Legal battle to break Jamaican power monopoly begins

(Jamaica Observer) A lawsuit aimed at busting the Jamaica Public Service’s (JPS) monopoly on islandwide light and power distribution was filed Friday in the Supreme Court.

The suit is being brought by a group of disgruntled JPS customers led by North Trelawny Member of Parliament Dennis Meadows and names as defendants the attorney general, the JPS and the Office of the Utilities Regulation (OUR).

In the suit, the claimants are seeking several declarations from the court, which, if successful, would revoke the JPS’s 27-year All-Island Electricity Licence, and open up the market to other players.

The licence was granted by then Mining and Energy Minister Bobby Pickersgill on March 30, 2001, pursuant to Section 3 of the Electric Lighting Act. The licence was in 2007 extended for a further seven years on the reommendation of the OUR, pursuant to Section 4 of the Office of Utilities Regulation Act. But the claimants — which include political advocate Betty Ann Blaine and Cryus Rousseau — are asking the court to declare the granting of the JPS licence and the extension “illegal, null and void and of no effect”.
In the event that the court so rules, the claimants are asking for a declaration that the JPS is operating without a licence, which is required by law, stipulated under Section of the Electric Lighting Act.

Alternatively, the claimants are contending that Section 3 of the Electric Lighting Act does not empower the minister to “disenfranchise the prospective right of any person to apply for a licence to transmit electricity, whether for personal, public or commercial purposes”.

The claimants are also seeking the following declarations:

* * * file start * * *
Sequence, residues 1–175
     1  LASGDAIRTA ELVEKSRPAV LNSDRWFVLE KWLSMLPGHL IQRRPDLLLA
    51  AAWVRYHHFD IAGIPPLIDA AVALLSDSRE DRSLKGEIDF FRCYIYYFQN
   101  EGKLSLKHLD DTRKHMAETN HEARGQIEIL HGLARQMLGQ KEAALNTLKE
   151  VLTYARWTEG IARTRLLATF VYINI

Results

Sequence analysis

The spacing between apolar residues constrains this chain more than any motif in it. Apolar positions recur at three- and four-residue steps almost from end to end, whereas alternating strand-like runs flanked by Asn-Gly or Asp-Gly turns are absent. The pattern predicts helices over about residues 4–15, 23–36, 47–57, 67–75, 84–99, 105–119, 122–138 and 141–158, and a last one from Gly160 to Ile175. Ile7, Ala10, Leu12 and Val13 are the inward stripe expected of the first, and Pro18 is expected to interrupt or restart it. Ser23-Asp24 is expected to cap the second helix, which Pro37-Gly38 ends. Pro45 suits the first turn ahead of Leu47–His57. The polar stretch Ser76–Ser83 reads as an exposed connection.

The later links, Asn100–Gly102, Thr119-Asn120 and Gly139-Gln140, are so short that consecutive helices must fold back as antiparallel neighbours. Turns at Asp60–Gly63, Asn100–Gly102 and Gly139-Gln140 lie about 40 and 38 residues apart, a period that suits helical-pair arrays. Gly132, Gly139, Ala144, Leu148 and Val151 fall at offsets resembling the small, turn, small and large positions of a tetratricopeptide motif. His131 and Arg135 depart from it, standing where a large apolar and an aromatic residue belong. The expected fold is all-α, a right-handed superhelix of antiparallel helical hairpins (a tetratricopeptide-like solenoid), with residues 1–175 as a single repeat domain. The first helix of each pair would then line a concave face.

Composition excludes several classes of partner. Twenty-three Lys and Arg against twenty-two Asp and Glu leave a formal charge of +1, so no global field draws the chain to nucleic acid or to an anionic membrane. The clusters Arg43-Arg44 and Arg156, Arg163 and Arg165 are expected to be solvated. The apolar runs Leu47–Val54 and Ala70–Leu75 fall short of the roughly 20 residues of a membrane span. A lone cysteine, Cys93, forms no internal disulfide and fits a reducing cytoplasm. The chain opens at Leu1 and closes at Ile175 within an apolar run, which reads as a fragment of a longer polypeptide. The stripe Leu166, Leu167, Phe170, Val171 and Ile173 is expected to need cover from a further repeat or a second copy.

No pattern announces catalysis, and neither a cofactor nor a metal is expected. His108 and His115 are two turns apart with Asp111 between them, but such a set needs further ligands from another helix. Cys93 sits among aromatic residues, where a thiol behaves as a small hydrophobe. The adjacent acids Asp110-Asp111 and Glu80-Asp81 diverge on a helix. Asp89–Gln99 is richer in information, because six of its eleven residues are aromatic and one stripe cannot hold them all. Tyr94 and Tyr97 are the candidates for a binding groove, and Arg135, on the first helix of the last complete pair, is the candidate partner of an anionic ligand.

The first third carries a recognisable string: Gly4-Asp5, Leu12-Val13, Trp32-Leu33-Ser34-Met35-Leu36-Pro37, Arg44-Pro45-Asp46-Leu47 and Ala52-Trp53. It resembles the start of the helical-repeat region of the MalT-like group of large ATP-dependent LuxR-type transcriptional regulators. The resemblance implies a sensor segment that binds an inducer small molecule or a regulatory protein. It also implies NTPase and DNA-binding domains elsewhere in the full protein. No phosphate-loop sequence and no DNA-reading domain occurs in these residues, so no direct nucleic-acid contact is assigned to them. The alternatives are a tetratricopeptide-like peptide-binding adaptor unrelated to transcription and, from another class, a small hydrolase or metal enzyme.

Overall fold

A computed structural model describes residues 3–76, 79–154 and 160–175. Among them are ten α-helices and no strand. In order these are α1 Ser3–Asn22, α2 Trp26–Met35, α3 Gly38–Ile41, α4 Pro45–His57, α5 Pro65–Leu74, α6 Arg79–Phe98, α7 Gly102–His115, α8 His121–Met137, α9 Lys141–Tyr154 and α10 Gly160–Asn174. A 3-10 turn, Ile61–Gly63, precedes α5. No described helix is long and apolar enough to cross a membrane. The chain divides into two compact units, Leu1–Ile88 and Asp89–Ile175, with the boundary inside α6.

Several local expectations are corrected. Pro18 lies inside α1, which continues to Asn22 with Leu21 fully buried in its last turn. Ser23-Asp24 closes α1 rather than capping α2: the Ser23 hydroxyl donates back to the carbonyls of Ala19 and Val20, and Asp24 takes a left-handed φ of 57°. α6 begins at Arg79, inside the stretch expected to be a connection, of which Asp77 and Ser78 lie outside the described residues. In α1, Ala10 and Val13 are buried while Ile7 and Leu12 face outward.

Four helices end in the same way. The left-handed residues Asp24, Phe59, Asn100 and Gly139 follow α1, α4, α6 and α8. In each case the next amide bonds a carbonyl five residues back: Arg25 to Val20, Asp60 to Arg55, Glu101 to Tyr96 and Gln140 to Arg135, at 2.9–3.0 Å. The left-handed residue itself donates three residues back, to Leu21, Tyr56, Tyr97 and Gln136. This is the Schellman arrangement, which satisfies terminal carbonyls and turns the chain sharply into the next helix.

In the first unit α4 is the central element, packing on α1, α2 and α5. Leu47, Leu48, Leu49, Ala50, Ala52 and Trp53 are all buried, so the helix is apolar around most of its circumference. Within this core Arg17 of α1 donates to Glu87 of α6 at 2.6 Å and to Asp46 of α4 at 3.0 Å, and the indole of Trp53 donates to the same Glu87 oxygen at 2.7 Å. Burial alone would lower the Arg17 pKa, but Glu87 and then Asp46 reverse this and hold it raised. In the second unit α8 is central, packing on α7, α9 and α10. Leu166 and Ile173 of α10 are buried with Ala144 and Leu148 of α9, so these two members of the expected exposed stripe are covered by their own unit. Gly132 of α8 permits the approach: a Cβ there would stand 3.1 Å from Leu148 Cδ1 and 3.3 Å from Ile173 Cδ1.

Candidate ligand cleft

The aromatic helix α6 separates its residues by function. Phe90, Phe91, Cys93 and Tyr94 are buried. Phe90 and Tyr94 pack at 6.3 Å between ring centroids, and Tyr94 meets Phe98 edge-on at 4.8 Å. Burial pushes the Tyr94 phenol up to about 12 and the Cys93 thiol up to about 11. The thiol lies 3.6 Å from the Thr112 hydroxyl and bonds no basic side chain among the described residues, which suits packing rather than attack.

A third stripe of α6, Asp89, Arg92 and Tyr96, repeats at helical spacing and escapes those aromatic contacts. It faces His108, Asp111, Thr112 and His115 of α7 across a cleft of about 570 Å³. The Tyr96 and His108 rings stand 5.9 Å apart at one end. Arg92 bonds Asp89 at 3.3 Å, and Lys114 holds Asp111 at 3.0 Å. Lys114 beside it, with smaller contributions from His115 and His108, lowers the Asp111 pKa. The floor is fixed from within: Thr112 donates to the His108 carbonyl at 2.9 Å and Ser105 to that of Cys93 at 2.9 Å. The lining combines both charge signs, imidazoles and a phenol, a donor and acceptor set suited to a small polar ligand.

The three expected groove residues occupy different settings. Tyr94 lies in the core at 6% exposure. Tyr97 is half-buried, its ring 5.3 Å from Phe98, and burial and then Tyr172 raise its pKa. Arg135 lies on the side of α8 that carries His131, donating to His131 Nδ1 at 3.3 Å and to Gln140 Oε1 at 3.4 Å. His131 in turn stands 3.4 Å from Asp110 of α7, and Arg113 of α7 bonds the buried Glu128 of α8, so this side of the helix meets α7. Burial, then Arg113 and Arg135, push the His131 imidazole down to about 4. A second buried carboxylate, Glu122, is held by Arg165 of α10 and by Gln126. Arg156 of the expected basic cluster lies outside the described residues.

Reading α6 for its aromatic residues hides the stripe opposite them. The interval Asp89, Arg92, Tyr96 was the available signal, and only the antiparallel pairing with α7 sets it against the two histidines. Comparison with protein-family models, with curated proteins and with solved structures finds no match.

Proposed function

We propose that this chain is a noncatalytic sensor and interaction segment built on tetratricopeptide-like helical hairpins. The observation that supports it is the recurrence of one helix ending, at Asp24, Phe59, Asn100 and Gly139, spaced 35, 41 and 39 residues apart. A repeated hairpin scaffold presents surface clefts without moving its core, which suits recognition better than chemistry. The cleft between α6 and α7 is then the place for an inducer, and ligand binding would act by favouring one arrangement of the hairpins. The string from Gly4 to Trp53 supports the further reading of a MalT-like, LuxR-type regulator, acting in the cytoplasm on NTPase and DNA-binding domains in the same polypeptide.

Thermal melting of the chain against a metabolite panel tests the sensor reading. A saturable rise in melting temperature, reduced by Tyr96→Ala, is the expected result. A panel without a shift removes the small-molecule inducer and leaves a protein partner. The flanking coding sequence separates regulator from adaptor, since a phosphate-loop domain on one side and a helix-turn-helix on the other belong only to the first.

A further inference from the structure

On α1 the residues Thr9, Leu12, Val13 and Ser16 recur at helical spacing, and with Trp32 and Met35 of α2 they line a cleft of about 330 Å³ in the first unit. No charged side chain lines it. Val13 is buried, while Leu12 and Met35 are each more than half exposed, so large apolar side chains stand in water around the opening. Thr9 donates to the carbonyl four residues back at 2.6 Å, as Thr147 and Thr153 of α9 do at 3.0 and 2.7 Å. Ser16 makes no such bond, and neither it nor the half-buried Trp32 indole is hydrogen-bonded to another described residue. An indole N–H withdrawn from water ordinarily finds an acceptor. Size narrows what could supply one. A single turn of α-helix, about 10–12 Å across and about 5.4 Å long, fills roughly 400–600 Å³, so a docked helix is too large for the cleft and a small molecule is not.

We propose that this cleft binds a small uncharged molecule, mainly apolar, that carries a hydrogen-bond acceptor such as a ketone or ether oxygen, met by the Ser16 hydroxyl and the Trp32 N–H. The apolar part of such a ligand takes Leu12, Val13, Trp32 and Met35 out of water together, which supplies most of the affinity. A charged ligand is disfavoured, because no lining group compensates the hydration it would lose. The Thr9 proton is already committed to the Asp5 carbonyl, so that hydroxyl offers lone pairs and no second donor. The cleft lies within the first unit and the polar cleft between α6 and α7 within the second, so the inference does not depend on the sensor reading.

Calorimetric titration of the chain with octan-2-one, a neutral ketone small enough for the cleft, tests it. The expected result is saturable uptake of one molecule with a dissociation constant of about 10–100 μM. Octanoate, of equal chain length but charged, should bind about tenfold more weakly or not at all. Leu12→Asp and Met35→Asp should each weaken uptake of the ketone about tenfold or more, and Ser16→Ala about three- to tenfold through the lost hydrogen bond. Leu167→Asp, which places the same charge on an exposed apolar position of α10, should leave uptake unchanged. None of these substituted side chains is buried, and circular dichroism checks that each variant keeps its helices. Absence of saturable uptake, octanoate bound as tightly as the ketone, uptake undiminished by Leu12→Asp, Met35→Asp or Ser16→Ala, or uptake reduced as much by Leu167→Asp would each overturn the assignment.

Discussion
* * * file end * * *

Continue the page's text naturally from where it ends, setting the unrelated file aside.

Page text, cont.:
* That the grant of an exclusive licence to the Jamaica Public Service Company Limited, on recommendation of the Office of the Utilities Regulation, constitutes an unlawful fetter on the discretion of the Ministers and subsequent Ministers in the grant of a licence to transmit electricity under Section 3 of the Electric Lighting Act, and/or conduct the business of the transmission of electricity pursuant to a licence granted under the said section 3 of the Electric Lighting Act;

* That the Office of Utilities Regulation acted unlawfully in recommending the grant of an exclusive licence by the Minister in favour of the Jamaica Public Service Company Limited, pursuant to Section 4 of the said Office of Utilities Regulation Act, as it has no power;

* That the said exclusive All-Island Licence is contrary to the provisions and spirit of the Fair Competition Act, and as such is unlawful;

* And such other relief as this Honourable Court deems just.
The claimants, who are being represented by attorney-at-law Hugh Wildman, instructed by attorney Roderick Gordon, are asking for costs.

JPS customers have for years been buckling under the strain of the hefty electricity bills and have been calling for an alternative light and power provider to join the market. Recently, some of the complainants involved in the lawsuit have said they were forced out of business as a result of the exorbitant bills.
The overwhelming outcry over the high power bills — including some from Government senators — led to the Government setting up a commission of enquiry into the billing practices of the JPS.

The lawsuit is not Meadows’ first lobby against the JPS. Last month, he endorsed a social network campaign urging Jamaicans to wear black in protest against the huge bills. JPS customers were encouraged to unplug their electrical appliances for a few hours in protest on that day, dubbed ‘Blackout Friday’.

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